A battle of words broke out over the weekend between Kaci Hickox, who returned home from Ebola-ravaged West Africa only to be ordered into quarantine, and Republican governor Chris Christie. The nurse told CNN that her "basic human rights have been violated" and that Christie himself was responsible.
CDC officials stopped short of issuing nationwide quarantine rules, instead issuing new guidelines that set levels of risk for returning travelers - guidelines to help those states that are currently monitoring travel from West Africa.
But, should health care workers coming from West Africa be quarantined?
In an interview with CNN's Erin Burnett, Dr. Rick Sacra says a mandatory quarantine would be a 'disincentive' for people to travel to West Africa to treat Ebola patients.
The nurse in the middle of a national firestorm over Ebola quarantine rules is Ebola-free and left New Jersey for her home in Maine.
But Kaci Hickox was forced into quarantine by New Jersey governor Chris Christie after she returned from treating Ebola patients in Sierra Leone is not going home quietly. She's threatening to sue Christie and says he knows nothing about medicine.
Christie is not backing down and says he's not sorry.
"She needs to understand that the obligation of elected officials is to protect the public health of all the people and if that inconvenienced her for a period of time, that's what we need to do to protect the public," Christie says.
CNN's Miguel Marquez has more OutFront.
The governors of New York and New Jersey announced a mandatory quarantine for anyone returning from West Africa who had direct contact with an Ebola patient.
This comes as Dr. Craig Spencer, the first person diagnosed with Ebola in New York City, is now in stable condition. His fiancée and two other friends are all under quarantine.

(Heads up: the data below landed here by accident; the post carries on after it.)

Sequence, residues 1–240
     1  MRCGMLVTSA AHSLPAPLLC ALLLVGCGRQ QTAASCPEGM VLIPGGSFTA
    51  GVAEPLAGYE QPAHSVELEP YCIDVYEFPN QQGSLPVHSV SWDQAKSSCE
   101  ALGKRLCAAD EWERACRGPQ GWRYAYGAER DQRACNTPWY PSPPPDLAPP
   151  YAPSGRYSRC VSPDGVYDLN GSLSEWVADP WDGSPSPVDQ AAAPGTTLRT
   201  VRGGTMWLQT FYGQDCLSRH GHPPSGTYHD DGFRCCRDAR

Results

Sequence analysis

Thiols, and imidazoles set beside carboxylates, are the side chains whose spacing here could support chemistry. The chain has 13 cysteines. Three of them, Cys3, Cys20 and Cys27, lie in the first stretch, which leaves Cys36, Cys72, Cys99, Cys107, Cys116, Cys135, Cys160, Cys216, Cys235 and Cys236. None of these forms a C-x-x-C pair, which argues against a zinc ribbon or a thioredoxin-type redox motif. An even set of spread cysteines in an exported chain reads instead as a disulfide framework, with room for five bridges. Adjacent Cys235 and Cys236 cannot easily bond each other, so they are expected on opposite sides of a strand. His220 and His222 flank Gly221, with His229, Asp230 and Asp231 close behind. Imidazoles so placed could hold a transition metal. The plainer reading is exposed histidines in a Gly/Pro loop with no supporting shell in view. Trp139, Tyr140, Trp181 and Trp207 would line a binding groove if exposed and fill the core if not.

Officials are now tracing all of Spencer's movements since he returned from treating Ebola patients in Guinea.
Jason Carroll is OutFront with the report.
A doctor who recently returned from Guinea has tested positive for Ebola - the first case of the deadly virus in New York City and the fourth diagnosed in the United States.
The doctor, identified as Craig Spencer, 33, came back from treating Ebola patients in Guinea on October 17 and developed a fever, nausea, pain and fatigue Thursday. He is isolated in stable condition at New York's Bellevue Hospital Center, one of the eight hospitals statewide that New York Gov.
Spencer, who is in intensive care, went for a jog, may have gone to a restaurant, traveled the city's subway system and went bowling before feeling ill, but authorities sought to assure an anxious public that the likelihood of him spreading the virus was low.
"We want to state at the outset there is no reason for New Yorkers to be alarmed," Mayor Bill de Blasio told reporters late Thursday.
There's no question Spencer was heroic - he traveled to west Africa to treat Ebola patients. But many people are outraged that he traveled around the most populated city in America when he was feeling "sluggish."
As a doctor, should he have known better?
Miguel Marquez has the report.
The family of Amber Vinson, the second Dallas nurse to contract Ebola, have hired a high-profile defense attorney.
They say it is "untrue and hurtful" that Vinson ignored the agency's protocols and put others at risk by taking commercial flights between Dallas and Cleveland.
They insist that Vinson did everything properly:
-Consulting Texas health officials and the CDC repeatedly throughout her trip
-Clearing her flight to Cleveland with hospital and CDC officials.
-Asking if she should fly back to Dallas
Vinson also spoke with Texas health officials and asked if she should fly back to Dallas immediately after learning her colleague had Ebola. She was told that was unnecessary.
Still, the next day she decided to fly back, calling health officials three separate times to report her temperature, and was cleared to fly each time.
CNN's Tom Foreman is OutFront.